However, despite my viewing it as a setback, I stuck with my interval group. Everyone was friendly and encouraging, and our pace leader, Erin, was great. Then slowly, week by week, as we continued adding miles and I realized that my finish time was actually faster when I ran intervals than when I didn’t, my mindset began to change.

Instead of viewing my interval running as a failure, I decided to accept myself for the runner that I was, walk breaks and all.

13.1 miles is 13.1 miles. It doesn’t matter if 1 mile of that total distance is walked instead of run. That’s still an accomplishment, and I should be proud of that. I am proud of that.

We’re a little over halfway through the training program; we’ll be running 10 miles this weekend. And sometimes the feelings of failure and inadequacy creep back in. But I have to remind myself that if run-walk-run intervals are good enough for Olympic athletes, they should be good enough for me.

I am a runner. I will no longer qualify that statement with “but I sometimes take walk breaks.” No, I am a runner (period).

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Overwhelming: A snapshot of the devastation caused by the Nashville Flood of 2010

16 May

Debris line the streets of a Bellevue neighborhood during the flood recovery process. May 8, 2010

I took this camera-phone photo from the passenger seat of a Honda CR-V as three friends and I were leaving a flood-damaged Bellevue neighborhood late Saturday afternoon, one week after the historic flooding in Middle Tennessee. We had spent the past several hours doing whatever we could to help people we didn’t even know clean up what was left of their homes after the waters had subsided. By the time we had arrived, much of the dirty work had already been done. But we cleaned and sorted and tore down what we could of what was left.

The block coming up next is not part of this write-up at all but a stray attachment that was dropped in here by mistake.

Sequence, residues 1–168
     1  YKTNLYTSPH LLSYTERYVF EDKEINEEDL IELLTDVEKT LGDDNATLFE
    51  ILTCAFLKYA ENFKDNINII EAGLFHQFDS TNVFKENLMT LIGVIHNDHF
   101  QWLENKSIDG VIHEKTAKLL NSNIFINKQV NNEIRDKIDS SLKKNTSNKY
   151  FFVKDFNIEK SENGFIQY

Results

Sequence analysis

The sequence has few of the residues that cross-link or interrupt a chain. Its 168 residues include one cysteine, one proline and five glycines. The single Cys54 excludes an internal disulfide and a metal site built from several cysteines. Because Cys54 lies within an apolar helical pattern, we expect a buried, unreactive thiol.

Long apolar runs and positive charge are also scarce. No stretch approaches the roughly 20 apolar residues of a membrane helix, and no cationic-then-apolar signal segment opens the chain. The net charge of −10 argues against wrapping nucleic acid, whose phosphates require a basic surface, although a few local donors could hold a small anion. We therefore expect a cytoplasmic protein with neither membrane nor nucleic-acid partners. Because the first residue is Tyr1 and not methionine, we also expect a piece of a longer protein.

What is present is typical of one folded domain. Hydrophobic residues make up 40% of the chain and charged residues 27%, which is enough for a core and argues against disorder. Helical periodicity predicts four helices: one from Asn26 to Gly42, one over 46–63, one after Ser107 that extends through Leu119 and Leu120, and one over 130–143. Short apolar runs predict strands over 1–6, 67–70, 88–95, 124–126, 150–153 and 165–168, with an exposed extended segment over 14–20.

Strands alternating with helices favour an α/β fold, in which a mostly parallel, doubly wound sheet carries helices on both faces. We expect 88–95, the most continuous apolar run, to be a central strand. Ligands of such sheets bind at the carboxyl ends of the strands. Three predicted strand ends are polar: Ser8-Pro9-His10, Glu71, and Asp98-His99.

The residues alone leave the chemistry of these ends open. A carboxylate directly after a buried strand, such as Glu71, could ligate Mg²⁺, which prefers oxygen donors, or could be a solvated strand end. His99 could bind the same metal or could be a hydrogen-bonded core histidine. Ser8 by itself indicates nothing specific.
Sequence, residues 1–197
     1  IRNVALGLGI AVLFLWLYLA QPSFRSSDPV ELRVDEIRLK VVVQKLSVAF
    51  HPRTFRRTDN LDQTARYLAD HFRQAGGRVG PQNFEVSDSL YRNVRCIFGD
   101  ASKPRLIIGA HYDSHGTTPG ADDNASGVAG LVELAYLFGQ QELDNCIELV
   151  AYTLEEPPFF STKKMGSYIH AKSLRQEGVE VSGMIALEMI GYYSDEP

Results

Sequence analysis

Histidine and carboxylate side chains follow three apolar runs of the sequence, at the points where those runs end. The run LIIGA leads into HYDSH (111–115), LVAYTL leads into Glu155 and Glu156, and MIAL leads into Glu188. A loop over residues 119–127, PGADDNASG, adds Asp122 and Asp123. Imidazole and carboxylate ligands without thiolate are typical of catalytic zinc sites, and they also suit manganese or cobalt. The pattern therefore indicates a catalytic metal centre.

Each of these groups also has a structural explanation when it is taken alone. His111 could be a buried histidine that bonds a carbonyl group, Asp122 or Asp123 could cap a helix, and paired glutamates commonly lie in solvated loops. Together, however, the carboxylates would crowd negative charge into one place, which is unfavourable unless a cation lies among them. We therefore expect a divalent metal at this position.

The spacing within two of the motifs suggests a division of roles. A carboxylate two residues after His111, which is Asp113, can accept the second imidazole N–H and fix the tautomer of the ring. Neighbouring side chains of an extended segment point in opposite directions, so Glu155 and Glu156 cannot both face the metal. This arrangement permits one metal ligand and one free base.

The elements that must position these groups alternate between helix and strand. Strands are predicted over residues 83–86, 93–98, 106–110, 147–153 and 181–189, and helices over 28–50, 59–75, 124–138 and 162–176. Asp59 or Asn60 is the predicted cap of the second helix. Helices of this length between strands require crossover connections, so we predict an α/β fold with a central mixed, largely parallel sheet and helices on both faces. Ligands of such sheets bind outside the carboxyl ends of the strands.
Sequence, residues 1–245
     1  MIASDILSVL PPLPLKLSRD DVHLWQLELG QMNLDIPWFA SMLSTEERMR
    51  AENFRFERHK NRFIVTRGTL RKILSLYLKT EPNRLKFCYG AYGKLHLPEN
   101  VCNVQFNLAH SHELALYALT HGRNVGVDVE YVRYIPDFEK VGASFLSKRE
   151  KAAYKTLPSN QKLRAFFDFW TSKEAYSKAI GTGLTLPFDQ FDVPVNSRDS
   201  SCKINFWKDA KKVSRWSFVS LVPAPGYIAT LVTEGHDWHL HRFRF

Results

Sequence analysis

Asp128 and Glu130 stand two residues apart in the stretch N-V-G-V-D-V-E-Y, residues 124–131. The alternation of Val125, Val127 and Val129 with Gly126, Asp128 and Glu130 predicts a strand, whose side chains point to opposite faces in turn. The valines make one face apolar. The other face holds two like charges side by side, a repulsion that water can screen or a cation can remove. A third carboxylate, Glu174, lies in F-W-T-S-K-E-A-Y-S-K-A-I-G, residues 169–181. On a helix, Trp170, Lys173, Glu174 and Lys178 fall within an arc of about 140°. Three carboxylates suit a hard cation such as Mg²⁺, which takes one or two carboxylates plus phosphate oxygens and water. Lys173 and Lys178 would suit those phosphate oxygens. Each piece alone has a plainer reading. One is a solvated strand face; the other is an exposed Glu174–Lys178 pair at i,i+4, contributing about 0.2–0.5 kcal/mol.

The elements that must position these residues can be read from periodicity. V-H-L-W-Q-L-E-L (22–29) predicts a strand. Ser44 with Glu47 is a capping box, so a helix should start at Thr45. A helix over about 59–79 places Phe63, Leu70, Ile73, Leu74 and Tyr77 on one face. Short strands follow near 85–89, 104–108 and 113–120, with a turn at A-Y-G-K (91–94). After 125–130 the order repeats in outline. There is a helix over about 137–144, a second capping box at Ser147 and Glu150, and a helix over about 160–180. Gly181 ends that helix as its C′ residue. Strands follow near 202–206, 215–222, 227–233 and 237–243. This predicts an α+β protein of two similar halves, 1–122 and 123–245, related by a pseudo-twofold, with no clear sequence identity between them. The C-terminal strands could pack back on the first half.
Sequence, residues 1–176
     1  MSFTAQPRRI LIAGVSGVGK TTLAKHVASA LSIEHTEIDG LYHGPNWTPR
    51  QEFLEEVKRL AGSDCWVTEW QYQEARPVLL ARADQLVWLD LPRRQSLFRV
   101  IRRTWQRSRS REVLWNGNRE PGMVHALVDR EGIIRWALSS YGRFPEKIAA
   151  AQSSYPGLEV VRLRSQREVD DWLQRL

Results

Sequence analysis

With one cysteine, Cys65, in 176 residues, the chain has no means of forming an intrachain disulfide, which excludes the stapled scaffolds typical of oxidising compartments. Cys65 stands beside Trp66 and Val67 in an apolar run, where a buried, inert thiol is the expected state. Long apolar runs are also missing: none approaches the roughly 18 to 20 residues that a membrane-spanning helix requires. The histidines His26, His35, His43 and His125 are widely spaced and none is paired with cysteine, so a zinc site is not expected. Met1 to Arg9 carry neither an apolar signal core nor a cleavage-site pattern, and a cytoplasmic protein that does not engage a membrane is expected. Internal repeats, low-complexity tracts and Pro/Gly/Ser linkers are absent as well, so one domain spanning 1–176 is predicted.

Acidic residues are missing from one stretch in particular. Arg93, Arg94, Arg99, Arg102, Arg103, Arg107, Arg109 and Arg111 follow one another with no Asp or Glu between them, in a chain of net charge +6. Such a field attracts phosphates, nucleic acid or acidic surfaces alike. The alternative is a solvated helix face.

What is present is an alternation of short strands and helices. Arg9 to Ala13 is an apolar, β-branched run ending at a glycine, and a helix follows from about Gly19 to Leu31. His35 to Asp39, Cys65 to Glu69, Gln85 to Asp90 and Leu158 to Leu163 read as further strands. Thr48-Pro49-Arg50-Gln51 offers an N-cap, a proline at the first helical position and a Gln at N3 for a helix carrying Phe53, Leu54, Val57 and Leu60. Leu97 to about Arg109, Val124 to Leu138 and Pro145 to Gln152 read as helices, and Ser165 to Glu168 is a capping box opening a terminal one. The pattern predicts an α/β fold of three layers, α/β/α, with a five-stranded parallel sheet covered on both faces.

By the end of the day, most of the homes had been completely cleared of possessions.  These had been painstakingly (and I’m sure, tearfully) sorted into separate piles: salvageable items and trash. Family photos, children’s drawings, letters, and high school yearbooks were scattered across backyards to dry out and, in hopes, saved. Books, furniture, appliances, and garbage bags filled with unsalvageable items were piled chest-high out front to be picked up with the trash. Most of the homes had even been stripped down to the frame – carpet, flooring, and drywall removed and added to the piles of debris.

When I looked down the street at an entire row of houses with front lawns piled high with debris, one word came to mind – overwhelming.

From the first day the rain began, I spent hours upon hours poring over photos and video footage of the flooding. I saw photos of these same houses filled with water over my head. I saw the video of the classroom floating down I-24 and the live coverage of the Cumberland cresting and flooding downtown Nashville. I saw the photos of Opry Mills and Opryland and even the Opry stage. These images were all shocking and saddening.